Sunday’s Gospel:  Martyrs for Christ

Sunday’s Gospel: Martyrs for Christ




Sunday after Christmas

Webster 2015


70 Million Christian Martyrs! 70 Million people, since the birth of Christ, have been killed because they were followers of this newborn baby we celebrated this past week. That’s quite an incredible number of people who have suffered and died for their Christian faith!

This may seem like an unusual topic to preach on only two days after we celebrate Christmas, and yet, in reality, it’s a very concrete reminder of what it means to truly follow the One whose birthday we just celebrated.

Celebrating our faith, and being prepared to suffer for our faith, have always gone hand-in-hand. Think about it. Shortly after the miraculous birth of Christ at Christmas, and the wonder that accompanied God’s Incarnation and entrance into the world, we have the tragedy of King Herod slaughtering the innocent children in Bethlehem. A crazy king killing innocent children because of Jesus. And then we have the other great feasts of our Church, and you see something similar. Only a brief period of time following Christ’s Resurrection from the dead, and the empowering of the disciples by the Holy Spirit on Pentecost, we read about the persecution of the first Christians and the martyrdom of St. Stephen, the first deacon and the first follower of Jesus to die for his faith. We always remember St. Stephen the protomartyr to days after Christmas.

Imagine, after the three greatest events in history – the Incarnation of God at Christmas, the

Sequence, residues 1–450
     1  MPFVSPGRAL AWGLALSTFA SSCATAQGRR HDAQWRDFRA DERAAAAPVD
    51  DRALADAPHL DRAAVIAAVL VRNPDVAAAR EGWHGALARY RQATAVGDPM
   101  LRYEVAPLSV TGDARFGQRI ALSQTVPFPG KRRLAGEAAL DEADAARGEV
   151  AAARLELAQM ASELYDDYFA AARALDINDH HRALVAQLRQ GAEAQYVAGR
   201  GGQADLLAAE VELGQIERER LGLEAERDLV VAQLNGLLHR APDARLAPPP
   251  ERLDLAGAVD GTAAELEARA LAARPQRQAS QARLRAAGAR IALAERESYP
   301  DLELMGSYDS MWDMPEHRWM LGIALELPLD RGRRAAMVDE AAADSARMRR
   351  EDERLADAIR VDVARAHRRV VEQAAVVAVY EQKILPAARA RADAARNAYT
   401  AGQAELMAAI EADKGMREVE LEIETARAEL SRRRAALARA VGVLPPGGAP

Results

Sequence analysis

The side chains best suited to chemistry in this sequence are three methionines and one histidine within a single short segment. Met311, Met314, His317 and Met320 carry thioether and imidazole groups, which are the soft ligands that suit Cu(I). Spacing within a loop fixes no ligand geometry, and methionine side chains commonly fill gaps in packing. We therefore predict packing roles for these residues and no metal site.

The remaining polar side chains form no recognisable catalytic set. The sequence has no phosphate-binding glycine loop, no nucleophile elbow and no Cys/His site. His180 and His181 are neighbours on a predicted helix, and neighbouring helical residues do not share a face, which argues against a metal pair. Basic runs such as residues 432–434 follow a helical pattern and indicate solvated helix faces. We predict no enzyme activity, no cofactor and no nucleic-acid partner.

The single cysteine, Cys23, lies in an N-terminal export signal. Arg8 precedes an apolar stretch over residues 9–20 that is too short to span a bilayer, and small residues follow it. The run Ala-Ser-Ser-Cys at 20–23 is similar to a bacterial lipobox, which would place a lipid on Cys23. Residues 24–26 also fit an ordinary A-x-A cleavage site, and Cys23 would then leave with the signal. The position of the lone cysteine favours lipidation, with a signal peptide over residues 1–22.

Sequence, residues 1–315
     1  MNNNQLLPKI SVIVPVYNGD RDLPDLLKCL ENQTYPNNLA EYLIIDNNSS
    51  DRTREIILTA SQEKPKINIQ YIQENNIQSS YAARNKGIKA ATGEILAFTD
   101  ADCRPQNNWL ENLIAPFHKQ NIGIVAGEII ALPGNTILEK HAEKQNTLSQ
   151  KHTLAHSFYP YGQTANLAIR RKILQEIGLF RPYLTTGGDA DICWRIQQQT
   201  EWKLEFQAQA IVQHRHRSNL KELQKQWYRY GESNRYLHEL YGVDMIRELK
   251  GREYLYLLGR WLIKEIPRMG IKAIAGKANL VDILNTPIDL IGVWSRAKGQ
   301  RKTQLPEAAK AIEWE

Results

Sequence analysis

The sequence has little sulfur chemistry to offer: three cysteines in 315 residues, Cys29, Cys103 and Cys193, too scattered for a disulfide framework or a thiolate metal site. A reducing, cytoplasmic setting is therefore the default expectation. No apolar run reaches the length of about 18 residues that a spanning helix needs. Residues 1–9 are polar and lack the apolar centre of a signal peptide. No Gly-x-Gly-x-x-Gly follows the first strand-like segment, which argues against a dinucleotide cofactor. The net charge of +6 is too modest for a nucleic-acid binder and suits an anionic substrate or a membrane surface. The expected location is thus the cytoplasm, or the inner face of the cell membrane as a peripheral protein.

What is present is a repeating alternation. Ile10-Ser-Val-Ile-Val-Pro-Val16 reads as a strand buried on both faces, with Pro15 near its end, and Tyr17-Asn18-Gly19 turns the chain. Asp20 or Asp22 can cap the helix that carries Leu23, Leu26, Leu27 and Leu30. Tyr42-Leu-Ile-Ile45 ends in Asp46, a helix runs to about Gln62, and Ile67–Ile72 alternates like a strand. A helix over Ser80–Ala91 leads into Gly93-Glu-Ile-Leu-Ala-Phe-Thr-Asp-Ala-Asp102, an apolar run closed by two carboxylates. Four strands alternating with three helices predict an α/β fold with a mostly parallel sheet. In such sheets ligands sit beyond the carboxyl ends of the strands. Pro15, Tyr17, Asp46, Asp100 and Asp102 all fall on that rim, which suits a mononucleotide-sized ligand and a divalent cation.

Resurrection of Christ from the dead at Pascha, and the Holy Spirit coming upon the first Christians and transforming them from scared, illiterate fishermen to bold preachers and witnesses of the faith to the world at large – after these great events when God decisively acted in history, we have satan and his powers of darkness striking out, and trying to extinguish the divine light of God.

God becomes human in the person of Jesus Christ, born as a defenseless child in Bethlehem, and evil king Herod tries to kill the Christ child, and willingly kills countless other innocent children in the process.

Jesus Christ resurrects from the dead, and confirms His divine mission and calling to His followers by His miraculous conquering of death. He then sends His Holy Spirit upon His apostles, and commissions them into the world to share His Good News with all people. Yet shortly after these miraculous events, St. Stephen becomes the first person to die because of his faith in Jesus Christ and his identity as a follower of Christ.

And over the past 2000 years of Christianity, more than 70 million people have been martyred for their Christian faith. 70 MILLION CHRISTIAN MARTYRS, of which 43 million were Orthodox Christians. Of course, we can search the internet today and read about thousands and thousands of contemporary Christian martyrs each year. This is not something of the past. It is estimated that 67% of worldwide Christians live in dangerous places where their lives can be at risk.

To be a true follower of Jesus Christ has always been risky, because authentic followers of Christ will be counter-cultural. They will be radicals of love and truth, and our approach of love and truth will always threaten the ways of the powerful, wealthy and comfortable.

This is why St. Paul reminds the Christians in Philippi that “For to you, it has been granted on behalf of Christ not only to believe in Him, but also to suffer for His sake” (Phil 1:29). Yet when someone lives united to Jesus Christ, living the abundant life that Christ promised, then whatever suffering one experiences is incomparable to the treasure of faith that we possess. The Apostle Paul would go on to say “For I consider that the sufferings of this present time are not worthy to be compared with the glory which shall be revealed in us” (Rom 8:28).